My ideal desire for the church is that abusive leaders seek council, admit their wrong, and apologize. The leader should step down for a season to reestablish trust and allow time for healing.   Victims receive counseling and support.   In the end everyone forgives.

I know it’s easier said than done and that’s why I said my ideal desire. I’m an idealist, but that’s for another post at a later time. However, I do think that reconciliation is possible when everyone chooses to forgive.

Un-fortunately forgiveness doesn’t come that easy to most of us and it’s because our sinful nature holds us back with pride. Forgiveness is a choice not a feeling.

Forgiveness is hard work because it’s in our human nature to want to make someone pay for what they have done. We demand justice. When wronged by leaders in the church, it’s so easy for us to stand before God with bitter hearts, asking that the abuser be punished.

I have been a Christian for over forty years. I traveled through seven churches and they all had an issue with a leader. No matter who was right or wrong, fellow Christians including myself judged harshly.

Several years ago I was involved with a group of Christians that started a church. We trusted our Pastor until we realized that he was twisting the word of God around to control and manipulate us. He participated in sinful acts and justified it with his own doctrine. He took advantage of his position and abused the vulnerable.

This Church could no longer stand and it literally fell in sinking sand. Our Pastor refused to change and therefore he was not safe for us to be around. Reconciliation was not an option for us.

I chose to forgive anyway. God forgives me and I want to live my life forgiving others too. When I forgave my abusive Pastor, I set myself free from anger and hate.   My aching heart healed as Godly council helped me walk through the forgiveness process.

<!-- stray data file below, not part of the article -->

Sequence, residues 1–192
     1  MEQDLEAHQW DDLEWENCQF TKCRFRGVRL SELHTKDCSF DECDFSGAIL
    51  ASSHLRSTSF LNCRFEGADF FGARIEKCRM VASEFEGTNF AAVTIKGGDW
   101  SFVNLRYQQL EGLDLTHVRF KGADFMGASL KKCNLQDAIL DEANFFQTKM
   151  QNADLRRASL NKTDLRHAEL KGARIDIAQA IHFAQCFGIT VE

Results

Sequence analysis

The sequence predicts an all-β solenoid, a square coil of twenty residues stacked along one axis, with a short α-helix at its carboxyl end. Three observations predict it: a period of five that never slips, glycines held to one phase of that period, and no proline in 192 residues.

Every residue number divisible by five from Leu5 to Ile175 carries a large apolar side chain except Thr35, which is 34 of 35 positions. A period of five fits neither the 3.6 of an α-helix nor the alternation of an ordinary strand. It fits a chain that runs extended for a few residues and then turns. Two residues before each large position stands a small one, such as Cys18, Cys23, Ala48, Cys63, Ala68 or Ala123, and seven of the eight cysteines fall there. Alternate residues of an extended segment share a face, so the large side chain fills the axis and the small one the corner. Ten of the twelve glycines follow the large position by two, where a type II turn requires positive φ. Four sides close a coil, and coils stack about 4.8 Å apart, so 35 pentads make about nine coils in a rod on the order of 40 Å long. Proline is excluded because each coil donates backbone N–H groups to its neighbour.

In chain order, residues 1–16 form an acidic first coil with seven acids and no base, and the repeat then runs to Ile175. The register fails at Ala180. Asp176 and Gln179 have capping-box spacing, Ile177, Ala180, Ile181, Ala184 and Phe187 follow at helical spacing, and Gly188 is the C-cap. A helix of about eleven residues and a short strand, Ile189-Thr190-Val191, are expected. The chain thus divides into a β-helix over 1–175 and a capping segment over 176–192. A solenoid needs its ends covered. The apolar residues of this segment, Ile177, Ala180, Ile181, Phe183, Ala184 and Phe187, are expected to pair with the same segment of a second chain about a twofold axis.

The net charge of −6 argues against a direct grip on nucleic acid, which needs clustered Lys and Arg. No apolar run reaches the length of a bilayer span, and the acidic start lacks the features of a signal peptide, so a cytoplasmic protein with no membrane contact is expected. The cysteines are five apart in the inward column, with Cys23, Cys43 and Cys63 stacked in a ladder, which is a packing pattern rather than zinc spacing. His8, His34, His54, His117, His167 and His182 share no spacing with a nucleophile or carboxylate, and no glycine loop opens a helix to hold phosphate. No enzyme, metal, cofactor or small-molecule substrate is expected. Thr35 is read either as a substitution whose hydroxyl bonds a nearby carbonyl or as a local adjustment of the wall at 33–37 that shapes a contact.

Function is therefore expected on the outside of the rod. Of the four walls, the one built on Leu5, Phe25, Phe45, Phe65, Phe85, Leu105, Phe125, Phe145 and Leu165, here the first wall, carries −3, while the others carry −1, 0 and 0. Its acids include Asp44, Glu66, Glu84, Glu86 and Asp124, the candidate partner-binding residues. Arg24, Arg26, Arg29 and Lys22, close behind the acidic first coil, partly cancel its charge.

Counseling helped me process confusion and brokenness. I felt heard and affirmed by loved ones as I shared my story about the abuse that happened in the church.   I received acceptance from friends in a time that I felt rejection and failure from my experience.

No one judged me when I shared my mistakes and sin. Friends didn’t laugh at me when I talked about how I was taken advantage of in my vulnerability.   Instead they gathered around me and offered hospitality. Through my recovery I was loved dearly.

Now I attend an awesome church with my husband and children.   I’m happy and I’m growing.



6 thoughts on “FORGIVE

  1. So true, Lisa. Forgiveness is a choice, not a feeling. There are hurts in my life that took me so long to forgive, and even after I thought I’d forgiven I wondered why I still had these feelings of hurt creep up when triggered. I’m so glad you made this point. I’m an idealist too, although it’s lonely sometimes. 😉 Thanks for sharing!


    • Hi Abby, Forgiveness does take time and hurt just doesn’t go away. I know exactly what you mean about hurt feelings creeping in when triggered. The whole forgiving and healing process is definitely a step by step moment of new realizations and understandings. And learning to be vulnerable and trust in the midst of recovering from past hurts. Thanks Abby for stopping by. It’s always a pleasure to have you here. I look forward to meeting you over at your blog later today.


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